On July 30, the committee approved an amendment to the bill sponsored by Rep. Lois Capps (D.-Calif.) that mandates that at least one insurance plan in each exchange must cover abortions.
On Aug. 19, in a radio presentation, President Obama nonetheless said that it was “not true” that the bill would allow government funding of abortion. On Aug. 21, the independent group FactCheck.org analyzed the bill in light of this statement by President Obama and concluded: “Despite what Obama said, the House bill would allow abortions to be covered by a federal plan and by federally subsidized private plans.”
The Senate Finance Committee’s health-care bill had not been completed at the time that President Obama delivered his Sept. 9 speech to Congress. When it was completed, however, it also included a provision like the Capps Amendment. Thus, both House and Senate versions of the health-care bill as they now stand would allow people to use federal dollars to buy health insurance plans that cover abortions.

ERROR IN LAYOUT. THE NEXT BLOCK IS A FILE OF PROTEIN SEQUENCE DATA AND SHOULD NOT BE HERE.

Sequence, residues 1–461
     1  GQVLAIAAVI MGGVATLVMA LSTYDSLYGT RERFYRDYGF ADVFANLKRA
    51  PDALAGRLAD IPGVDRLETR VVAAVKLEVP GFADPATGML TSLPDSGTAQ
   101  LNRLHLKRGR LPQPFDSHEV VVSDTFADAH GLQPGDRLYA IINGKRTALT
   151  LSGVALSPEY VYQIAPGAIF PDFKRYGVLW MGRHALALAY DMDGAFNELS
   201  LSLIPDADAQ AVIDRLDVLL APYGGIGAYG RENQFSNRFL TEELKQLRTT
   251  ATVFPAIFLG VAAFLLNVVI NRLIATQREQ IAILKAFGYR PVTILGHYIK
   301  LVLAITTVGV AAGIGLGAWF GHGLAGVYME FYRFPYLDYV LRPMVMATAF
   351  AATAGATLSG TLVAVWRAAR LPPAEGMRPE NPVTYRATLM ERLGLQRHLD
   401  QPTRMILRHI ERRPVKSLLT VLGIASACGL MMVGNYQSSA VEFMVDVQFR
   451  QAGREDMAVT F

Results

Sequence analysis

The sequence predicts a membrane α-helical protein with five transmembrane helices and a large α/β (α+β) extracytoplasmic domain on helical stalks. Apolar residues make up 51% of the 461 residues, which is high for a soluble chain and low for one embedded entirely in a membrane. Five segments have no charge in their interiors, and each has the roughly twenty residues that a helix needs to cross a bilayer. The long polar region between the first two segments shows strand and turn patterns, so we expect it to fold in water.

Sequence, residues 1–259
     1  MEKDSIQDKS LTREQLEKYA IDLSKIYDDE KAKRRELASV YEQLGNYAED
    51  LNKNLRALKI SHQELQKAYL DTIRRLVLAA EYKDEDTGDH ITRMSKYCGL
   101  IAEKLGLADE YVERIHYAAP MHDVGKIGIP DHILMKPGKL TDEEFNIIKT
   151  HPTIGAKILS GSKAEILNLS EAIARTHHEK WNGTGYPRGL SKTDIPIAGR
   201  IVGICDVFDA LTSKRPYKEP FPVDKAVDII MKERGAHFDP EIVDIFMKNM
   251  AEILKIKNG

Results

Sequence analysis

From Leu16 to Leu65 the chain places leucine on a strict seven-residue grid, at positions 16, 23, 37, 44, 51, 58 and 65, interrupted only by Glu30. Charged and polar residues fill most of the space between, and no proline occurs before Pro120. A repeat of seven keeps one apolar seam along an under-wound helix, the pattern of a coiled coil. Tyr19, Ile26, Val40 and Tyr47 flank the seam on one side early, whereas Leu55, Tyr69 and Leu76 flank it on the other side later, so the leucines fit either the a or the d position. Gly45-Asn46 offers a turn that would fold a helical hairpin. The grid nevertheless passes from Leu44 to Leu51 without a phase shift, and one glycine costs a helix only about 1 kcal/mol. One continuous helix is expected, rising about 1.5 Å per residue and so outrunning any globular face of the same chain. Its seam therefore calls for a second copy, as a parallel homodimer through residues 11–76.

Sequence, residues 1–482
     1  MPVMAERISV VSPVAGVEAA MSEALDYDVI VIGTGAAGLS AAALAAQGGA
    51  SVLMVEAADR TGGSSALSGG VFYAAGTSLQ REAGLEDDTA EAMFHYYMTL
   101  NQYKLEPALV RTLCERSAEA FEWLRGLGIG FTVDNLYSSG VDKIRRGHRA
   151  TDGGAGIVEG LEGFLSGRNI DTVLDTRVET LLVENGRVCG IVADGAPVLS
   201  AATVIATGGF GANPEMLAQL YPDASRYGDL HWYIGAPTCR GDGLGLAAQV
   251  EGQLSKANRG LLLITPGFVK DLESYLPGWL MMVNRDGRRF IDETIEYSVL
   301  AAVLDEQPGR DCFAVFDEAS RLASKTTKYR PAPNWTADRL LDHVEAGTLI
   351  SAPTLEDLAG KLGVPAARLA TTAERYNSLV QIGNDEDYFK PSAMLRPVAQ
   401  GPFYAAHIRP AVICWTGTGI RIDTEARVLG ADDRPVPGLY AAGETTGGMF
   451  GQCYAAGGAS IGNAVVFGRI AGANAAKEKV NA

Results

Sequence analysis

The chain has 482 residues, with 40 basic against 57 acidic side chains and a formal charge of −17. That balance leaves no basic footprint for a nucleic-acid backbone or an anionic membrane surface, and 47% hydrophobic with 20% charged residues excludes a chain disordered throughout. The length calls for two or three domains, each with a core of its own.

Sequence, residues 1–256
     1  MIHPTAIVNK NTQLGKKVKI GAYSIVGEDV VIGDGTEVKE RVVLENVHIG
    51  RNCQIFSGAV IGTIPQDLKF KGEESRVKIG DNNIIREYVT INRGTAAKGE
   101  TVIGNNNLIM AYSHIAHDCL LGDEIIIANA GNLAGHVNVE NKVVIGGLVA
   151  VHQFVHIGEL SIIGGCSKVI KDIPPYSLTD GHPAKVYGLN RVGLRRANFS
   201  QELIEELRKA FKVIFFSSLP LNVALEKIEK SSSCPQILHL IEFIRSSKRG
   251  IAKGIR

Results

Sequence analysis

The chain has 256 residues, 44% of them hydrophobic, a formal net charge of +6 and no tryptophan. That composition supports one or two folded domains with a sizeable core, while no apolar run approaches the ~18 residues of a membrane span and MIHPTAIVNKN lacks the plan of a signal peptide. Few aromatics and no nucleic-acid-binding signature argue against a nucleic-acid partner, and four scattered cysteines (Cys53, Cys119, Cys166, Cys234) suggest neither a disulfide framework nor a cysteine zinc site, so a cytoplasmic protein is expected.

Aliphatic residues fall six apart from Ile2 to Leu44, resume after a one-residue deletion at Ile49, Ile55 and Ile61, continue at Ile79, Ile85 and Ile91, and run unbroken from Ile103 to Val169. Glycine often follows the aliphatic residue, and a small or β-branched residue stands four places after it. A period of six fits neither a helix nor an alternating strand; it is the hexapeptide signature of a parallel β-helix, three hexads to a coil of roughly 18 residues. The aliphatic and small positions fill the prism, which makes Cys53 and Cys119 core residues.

In the House Energy and Commerce Committee, Stupak offered his own amendment to the health care bill that would have prohibited federal funds from being used to cover “any part of the costs of any health plan that includes coverage of abortion.” This amendment mirrors the language of the Hyde Amendment that is included each year in various annual appropriations bills. Because the Hyde Amendment only affects funding included in the appropriations bill that carries it, its prohibition on abortion funding would not apply to the permanent funding stream for federal health insurance subsidies that would be set up by the health-care reform bills drafted by the House and Senate.
On July 31, by a 27-to-31 vote, the Energy and Commerce Committee defeated Stupak’s effort to include the Hyde language directly in the health-care bill itself and thus prohibit abortion funding through that bill and the programs it would create.
Stupak told CNSNews.com he has organized a group of “about 40 likeminded Democrats” who will try to kill the health care bill itself unless House Speaker Nancy Pelosi (D.-Calif.) agrees to allow an up-or-down vote on his amendment when the bill comes to the House floor.
"The speaker has told me I will not have my amendment," said Stupak. "It will not be made in order."
Stupak also said that during his telephone conversation with Obama the president indicated that he supports Stupak's goal of prohibting federal funding of abortion through the health-care reform plan, although the president did not say that he supports the specific language of Stupak's amendment.
"I would call upon the President to help us out here," said Stupak.